We had venture capital, and we were there around commerce companies, we were formed to grow that portfolio. And then over time, we began to help brands do the same type of thing. So that's how we were born and founded. And over time, we matured in our agency side of things. And really, we got into, you know, when Shopify came around, back in like that 2011 era really figured out, wow, we don't have to, you know, build this up from scratch, we can leverage a platform, and then really put brain power when the business model and the marketing and the brand and the product and all these different areas and not have to sink it into technology. And that just took off and helping brands kind of leverage that was a big part of what we did for and what we still do for a really long time. And then over time, we have largely the same team over the last 10 plus years. And they consist of sort of deep specialists with a lot of experience, especially with really big brands, I think what that lends itself to is we can often be trusted, you know, our our goal is to be able to be trusted by a brand that's doing 100 200 $300 million through their website and be able to, that's real money, right? Those people want to know that the people advising them and working on their stuff, have real experience and know the importance of it. We take that really seriously. And that's kind of what we've been invested into overtime.
Pivot a bit to a little bit of tactics, I think I think this is probably a good time to talk about what's hot right now. You know, and I know, you talk a lot about, well, it's kind of funny what you talk about, because I've listened to on other shows, and I see some writing and stuff like that. And you say things about like, you know, boring is hot, right? I wonder if you can come at no one ever. I know like it. But it's weird. It's weird. But interesting. I think I know where it's going. I think it's getting back to basics. I think a lot of times there's this shiny object syndrome, and there's lots of like, an app is going to solve my problems. And then you wonder why three or four years later that you have this duct tape solution? And you wonder why things aren't talking to each other. And you wonder why there's a lot of what ifs to building a successful brand. And I think you bring it down to the ridiculous and saying no, I'm there's some basic things that need to get done. I think that's where this term boring is hot, but I just wouldn't, I don't want to put words in your mouth. But I just love to hear your concept around this whole thing and explaining like what really, truly hot right is now.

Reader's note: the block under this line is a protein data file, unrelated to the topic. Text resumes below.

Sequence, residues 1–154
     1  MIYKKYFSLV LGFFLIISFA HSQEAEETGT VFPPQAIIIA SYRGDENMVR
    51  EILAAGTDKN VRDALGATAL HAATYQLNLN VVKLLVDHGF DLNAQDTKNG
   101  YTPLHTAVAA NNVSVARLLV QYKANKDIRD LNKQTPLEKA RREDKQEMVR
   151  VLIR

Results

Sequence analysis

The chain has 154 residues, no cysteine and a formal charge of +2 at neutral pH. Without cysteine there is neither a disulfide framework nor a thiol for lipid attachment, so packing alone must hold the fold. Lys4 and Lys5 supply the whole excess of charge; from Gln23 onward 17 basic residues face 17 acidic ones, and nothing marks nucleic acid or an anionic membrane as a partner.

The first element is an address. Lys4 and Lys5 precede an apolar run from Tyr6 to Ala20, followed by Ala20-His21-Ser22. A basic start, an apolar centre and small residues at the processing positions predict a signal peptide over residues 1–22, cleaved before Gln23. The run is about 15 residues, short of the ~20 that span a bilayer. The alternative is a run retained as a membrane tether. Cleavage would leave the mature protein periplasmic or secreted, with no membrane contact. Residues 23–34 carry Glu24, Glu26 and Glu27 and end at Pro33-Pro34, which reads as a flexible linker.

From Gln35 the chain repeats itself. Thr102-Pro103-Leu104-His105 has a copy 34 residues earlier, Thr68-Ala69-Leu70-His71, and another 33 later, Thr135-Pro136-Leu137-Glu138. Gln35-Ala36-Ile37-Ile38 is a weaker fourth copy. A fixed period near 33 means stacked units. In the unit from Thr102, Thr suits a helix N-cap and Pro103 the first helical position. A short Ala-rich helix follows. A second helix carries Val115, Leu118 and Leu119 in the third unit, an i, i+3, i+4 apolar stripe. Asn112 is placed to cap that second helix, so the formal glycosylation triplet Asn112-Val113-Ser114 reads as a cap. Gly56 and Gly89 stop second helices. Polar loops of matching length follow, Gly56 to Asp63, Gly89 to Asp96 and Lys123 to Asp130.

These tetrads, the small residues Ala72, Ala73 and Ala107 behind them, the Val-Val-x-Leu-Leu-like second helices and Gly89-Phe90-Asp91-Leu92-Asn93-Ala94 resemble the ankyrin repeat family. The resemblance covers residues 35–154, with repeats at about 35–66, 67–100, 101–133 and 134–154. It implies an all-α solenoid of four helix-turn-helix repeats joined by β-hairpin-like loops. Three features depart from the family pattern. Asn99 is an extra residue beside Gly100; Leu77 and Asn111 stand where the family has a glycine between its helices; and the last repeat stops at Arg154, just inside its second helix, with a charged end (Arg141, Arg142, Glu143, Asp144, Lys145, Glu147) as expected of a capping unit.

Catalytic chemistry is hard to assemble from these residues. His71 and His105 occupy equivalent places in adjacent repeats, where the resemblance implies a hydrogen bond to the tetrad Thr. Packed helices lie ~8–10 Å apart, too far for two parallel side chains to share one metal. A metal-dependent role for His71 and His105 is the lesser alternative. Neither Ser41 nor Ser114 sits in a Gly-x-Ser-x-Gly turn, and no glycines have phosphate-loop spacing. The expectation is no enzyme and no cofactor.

No, you're absolutely right. I mean, to us, boring is hot. That is the hot thing right now. And I would say especially right now, like that's been our philosophy of this idea of called healthy growth over fast growth. But that's been our philosophy for a long time. And I think it's more important now that potentially than ever, and I'll sort of explain why. But it's the idea of like, like you mentioned, it's shiny object syndrome. And there's this, obviously, the rise of like growth, hacking, all the kind of stuff. And that's not necessarily bad, but what happens is, we find in the marketing, especially ecommerce world, you know, there are a lot of hacking your way to growth, because this idea of like, oh, there's just app, or there's just tactic, or there's this thing, you know, that we can just do. And, you know, I heard someone did this, and they got amazing results out of it. So let's do that.
That's not to say that that thing is bad. I think that there's definitely a place for those. But I think Hacking has to have a place inside of a healthy strategy, if that makes sense. I think sometimes it's really, you know, we all do it like, but it's just really tempting to live hack to hack. And even, you know, really big, mature 100 year old companies tend to sometimes do that in their e commerce side of things. And so boring is hot is doing all the fundamentals, you know, and the truth is, is, you know, while hack may produce results, it's not typically going to be the thing that creates a stable, highly profitable, scalable business long term that takes consistent effort and fundamentals. In order to do that.